The work of the Nordic Council
The Nordic Council is an interparliamentary organization comprising the five Nordic countries and the Nordic Region’s three autonomous territories, the Aaland Islands, The Faroe Islands and Greenland. The Council has 87 parliamentarians who work in order to make the Nordic region a good place to live and to enhance democracy, development and cooperation across the Nordic borders. The Nordic Council was established in 1952 and the conditions of the cooperation are set out in the Helsinki Agreement from 1962.
The Council meets twice a year at the theme session in April and at the ordinary session at the beginning of November. The presidency of the Council rotates every year between the five Nordic countries and the ordinary session is held in the country that has the presidency.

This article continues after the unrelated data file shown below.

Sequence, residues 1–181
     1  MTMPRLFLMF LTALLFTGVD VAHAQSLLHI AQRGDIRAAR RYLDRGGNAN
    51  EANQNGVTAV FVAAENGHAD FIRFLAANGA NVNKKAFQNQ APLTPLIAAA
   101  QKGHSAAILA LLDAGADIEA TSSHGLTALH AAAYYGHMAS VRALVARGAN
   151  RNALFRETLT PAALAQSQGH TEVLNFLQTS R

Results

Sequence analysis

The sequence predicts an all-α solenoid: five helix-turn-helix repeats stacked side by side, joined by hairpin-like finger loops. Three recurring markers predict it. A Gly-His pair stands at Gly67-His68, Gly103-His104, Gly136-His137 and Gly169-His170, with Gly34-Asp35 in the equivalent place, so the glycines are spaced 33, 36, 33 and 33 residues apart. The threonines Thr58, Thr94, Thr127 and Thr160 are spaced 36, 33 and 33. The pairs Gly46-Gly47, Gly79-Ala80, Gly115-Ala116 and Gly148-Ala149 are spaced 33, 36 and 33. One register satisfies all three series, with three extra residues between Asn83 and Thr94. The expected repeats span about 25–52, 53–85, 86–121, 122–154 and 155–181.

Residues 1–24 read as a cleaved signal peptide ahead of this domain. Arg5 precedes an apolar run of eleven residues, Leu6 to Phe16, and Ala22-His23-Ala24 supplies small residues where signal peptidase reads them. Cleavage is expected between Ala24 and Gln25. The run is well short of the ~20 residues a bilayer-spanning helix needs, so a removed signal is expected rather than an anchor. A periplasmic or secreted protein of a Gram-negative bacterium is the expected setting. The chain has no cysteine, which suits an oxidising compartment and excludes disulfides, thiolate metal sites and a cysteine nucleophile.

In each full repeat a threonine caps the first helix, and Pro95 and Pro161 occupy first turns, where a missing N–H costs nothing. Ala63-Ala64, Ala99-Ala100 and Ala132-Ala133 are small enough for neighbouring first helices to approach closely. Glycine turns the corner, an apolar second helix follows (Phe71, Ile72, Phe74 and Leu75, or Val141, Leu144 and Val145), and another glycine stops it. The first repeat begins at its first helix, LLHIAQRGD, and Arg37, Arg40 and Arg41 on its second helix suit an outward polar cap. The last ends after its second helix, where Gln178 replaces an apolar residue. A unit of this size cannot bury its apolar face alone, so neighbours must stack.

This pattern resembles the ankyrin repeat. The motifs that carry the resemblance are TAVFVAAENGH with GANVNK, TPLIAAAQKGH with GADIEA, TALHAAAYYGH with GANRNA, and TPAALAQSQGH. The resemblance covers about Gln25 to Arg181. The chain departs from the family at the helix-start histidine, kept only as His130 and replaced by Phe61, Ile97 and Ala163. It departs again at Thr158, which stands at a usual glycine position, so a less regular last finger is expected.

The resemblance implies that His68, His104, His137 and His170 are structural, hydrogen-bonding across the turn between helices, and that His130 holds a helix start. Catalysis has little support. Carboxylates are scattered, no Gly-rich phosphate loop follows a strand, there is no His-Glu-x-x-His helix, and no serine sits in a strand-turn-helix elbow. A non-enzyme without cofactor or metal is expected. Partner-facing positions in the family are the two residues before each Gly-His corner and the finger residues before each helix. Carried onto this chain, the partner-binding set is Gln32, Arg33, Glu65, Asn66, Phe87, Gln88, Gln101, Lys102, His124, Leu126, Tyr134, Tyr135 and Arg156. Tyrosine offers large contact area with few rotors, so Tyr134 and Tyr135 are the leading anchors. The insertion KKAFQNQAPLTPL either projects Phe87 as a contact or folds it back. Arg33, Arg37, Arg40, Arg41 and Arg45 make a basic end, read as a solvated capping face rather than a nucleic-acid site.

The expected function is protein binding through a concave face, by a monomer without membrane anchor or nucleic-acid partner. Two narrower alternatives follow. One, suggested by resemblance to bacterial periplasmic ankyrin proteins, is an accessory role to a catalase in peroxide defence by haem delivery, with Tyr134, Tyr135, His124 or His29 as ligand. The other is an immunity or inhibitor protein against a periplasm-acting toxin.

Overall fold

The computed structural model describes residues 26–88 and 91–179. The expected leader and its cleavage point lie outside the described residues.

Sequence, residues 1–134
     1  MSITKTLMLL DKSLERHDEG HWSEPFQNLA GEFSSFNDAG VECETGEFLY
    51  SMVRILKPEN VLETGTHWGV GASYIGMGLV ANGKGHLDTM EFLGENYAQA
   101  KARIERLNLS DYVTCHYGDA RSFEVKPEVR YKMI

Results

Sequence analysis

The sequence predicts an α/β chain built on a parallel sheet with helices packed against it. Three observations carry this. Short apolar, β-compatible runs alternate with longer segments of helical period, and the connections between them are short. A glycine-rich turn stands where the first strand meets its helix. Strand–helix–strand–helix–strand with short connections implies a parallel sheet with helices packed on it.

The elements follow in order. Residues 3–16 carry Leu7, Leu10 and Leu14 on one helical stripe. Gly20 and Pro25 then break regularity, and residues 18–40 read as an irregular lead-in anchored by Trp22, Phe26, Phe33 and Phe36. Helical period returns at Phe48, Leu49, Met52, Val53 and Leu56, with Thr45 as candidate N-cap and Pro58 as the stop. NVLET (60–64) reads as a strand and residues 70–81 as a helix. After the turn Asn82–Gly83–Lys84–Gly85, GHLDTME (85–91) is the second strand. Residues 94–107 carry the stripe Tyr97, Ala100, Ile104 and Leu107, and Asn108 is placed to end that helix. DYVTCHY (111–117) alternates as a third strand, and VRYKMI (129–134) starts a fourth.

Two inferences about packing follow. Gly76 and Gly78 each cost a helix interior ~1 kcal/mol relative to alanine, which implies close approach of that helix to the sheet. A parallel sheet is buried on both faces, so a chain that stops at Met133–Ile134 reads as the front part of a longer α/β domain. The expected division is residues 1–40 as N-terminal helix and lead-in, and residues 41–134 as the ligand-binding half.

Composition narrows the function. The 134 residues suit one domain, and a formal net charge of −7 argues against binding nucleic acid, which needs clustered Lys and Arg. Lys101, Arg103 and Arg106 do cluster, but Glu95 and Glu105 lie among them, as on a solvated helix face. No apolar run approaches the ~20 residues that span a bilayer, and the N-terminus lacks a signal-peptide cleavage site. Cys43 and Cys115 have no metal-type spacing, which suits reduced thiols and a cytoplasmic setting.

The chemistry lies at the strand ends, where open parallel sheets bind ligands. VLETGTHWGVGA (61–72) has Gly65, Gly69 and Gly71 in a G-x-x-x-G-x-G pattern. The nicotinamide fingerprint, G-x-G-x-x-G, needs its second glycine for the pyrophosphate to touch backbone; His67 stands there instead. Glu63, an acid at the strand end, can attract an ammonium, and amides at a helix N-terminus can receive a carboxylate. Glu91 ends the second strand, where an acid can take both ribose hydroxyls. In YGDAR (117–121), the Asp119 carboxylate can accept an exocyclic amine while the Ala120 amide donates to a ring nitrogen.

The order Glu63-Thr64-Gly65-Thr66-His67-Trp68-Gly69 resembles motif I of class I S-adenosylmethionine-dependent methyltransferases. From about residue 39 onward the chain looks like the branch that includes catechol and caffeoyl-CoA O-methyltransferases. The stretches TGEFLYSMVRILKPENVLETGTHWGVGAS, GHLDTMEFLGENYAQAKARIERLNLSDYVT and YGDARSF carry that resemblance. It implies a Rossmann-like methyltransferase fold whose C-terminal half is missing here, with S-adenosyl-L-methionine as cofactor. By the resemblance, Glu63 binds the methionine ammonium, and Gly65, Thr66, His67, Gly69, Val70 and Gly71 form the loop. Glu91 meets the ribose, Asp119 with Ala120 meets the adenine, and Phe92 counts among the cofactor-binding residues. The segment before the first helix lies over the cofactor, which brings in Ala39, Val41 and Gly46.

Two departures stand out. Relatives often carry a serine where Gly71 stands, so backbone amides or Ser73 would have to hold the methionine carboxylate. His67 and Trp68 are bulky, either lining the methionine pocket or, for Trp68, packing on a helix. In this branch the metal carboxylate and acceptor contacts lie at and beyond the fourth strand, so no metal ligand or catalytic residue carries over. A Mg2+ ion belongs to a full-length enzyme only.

The ongoing political work of the Council takes place in four committees. Decisions made by the Council take the form of recommendations to the Nordic governments or the Nordic Council of Ministers, who attend to their implementation. The Council’s political parties have formed five Nordic party groups.
The Danish delegation
The Danish delegation is made up of 20 members: 16 from the Danish Parliament, two from the Faroe Islands and two from Greenland. The members are appointed at the beginning of each parliamentary year, and the delegation elects a Chairperson and a Vice-Chairperson.
The work of the Danish delegation consists of taking part in the work in the committees, put questions to the Nordic ministers and governments and prepare suggestions and recommendations to the Nordic governments. The Council’s work is discussed each year by the Danish Parliament as part of a debate based on a report on the Nordic Council’s work drafted by the Minister for Nordic Collaboration.